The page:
Why hurricane-resistant homes aren't constructed, bought more frequently
By Ashley Williams, AccuWeather staff writer
August 09, 2018, 8:13:42 AM EDT
Last year was the United States’ most costly on record for weather-related disasters, with damages in 2017 totaling a staggering $306 billion, according to the National Oceanic and Atmospheric Administration (NOAA).
Even as Atlantic hurricanes intensify more rapidly than compared with storms from three decades ago and as building codes improve, not all homes in hurricane-prone areas are being constructed to withstand these increasingly powerful forces of nature.
“There’s just a lot of resistance from people to doing things differently and [in a way] that might have higher initial upfront costs,” said Jeremy Gregory, research scientist and executive director of the Massachusetts Institute of Technology’s Concrete Sustainability Hub.
It could cost 15 percent more to build a home with a sturdier, concrete frame rather than one constructed from wood, according to experts.
Hurricane-resistant home development does exist, however. Architects and engineers have designed homes built to handle flooding and hurricane-force winds. Stronger building materials, including ultra-high-performance concrete and bendable glass, are also being researched and utilized in some structures, but these types of innovations are currently not widespread, with primarily wealthy homeowners opting for these types of upgrades.
“I think that people have a hard time evaluating risks and adapting to those risks,” Gregory told AccuWeather. “It’s easy to say, ‘That was a bad storm, but what are the chances it’ll happen again?’. The reality is that we as humans are not really good with that kind of risk assessment.”
One of the key reasons that more hurricane-proof structures aren’t being built is that there isn’t a large market demand for them, according to Gregory.
“Developers will respond to market demand,” he said. It’s often the developer who makes the design decisions for buildings rather than the building’s owner, he added. “If there’s market demand from people saying, ‘yeah, I’m willing to make that higher upfront investment because I understand what those longer-term benefits are,’ they’ll respond to that and they’ll gladly build to that.”
“Right now, it’s just that building owners don’t know to ask for [these changes], and even if they do, by the time decisions are already made, that opportunity is lost,” Gregory said. “What we really need to change is to make more information available to the building owners so they can then ask developers to incorporate them.”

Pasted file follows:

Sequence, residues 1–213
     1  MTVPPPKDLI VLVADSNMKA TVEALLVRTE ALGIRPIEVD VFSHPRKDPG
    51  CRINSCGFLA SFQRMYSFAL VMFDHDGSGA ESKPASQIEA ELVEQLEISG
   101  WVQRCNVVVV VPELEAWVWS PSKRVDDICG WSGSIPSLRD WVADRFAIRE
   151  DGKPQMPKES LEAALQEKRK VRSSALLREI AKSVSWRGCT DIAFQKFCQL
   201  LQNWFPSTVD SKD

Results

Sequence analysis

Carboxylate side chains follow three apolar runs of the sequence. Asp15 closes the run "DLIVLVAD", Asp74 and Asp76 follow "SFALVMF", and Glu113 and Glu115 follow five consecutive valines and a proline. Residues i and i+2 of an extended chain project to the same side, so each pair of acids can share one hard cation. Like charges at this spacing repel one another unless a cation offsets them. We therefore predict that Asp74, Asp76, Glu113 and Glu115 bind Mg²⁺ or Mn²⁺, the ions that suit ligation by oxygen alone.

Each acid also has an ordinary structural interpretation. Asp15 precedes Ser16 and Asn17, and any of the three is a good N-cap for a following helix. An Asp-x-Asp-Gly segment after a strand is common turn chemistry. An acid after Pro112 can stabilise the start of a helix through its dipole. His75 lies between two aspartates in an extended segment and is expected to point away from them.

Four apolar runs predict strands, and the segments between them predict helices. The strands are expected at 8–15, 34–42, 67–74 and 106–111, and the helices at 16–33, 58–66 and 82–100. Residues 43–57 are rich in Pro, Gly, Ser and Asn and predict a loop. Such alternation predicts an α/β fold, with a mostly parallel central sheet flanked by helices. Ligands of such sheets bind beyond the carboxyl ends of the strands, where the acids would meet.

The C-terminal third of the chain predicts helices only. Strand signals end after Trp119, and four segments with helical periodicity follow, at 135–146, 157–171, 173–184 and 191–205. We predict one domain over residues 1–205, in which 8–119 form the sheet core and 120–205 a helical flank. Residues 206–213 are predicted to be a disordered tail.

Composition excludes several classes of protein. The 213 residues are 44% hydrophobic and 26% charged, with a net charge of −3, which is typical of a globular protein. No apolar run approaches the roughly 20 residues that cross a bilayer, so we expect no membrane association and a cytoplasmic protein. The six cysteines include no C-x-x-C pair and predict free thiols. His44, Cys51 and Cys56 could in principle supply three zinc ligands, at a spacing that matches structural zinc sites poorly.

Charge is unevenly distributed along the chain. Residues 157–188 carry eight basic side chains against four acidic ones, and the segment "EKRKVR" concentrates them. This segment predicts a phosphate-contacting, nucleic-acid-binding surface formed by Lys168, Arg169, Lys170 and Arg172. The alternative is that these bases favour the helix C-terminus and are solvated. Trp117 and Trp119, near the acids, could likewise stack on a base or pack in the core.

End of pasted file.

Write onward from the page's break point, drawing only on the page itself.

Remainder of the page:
In March 2018, the Insurance Institute for Business and Home Safety (IBHS) released “Rating the States,” a report on the residential building code systems in 18 hurricane-prone states, including Florida, New York, Georgia and Texas.
Comparing results to its 2015 report, the IBHS found that many, but not all, states have enacted and enforced strong and effective building codes.
“Unfortunately, many states took no action to improve their code systems, and a few have weaker systems in place now than they had in 2015,” IBHS CEO and President Julie Rochman said in a press release.
Building codes in Florida, which was impacted by Hurricane Irma in 2017, ranked highest in the report, with a score of 95 out of 100. Texas, which was battered by Hurricane Harvey last year, ranked lower on the list at number 15 out of the 18 states with a score of 34 – a 2-percent drop from IBHS’s 2015 report.
IBHS offers the Fortified Home program. Its construction standards and methods allow homeowners to protect their homes from hurricanes, severe thunderstorms, high winds and other severe weather conditions.
Since the program’s inception in 2008, only 8,126 homes in the U.S. are Fortified-built, according to a recent Bloomberg article, which also cites a 2017 Census Bureau report that a mere 8 percent of about 800,000 single-family homes built last year were constructed with concrete frames.
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Gregory explained, however, that even homes constructed with wood can be built in a hazard-resistant manner.
“It usually means you have strong reinforcements of the wood structure; for instance, the kind of connections you use between the roof and walls are specifically made to withstand a hurricane's impacts,” Gregory said.
“It also means that you might use larger wood beams than you normally would in a conventional-type structure. It then gets to a point where you have to look at what’s more cost-effective," he added.
Severe weather conditions are nothing new and aren't going anywhere anytime soon, according to Rochman. "But what can and must stop is the continued construction and inevitable destruction of weak, vulnerable homes built – and too often rebuilt – in questionable locations,” Rochman said.
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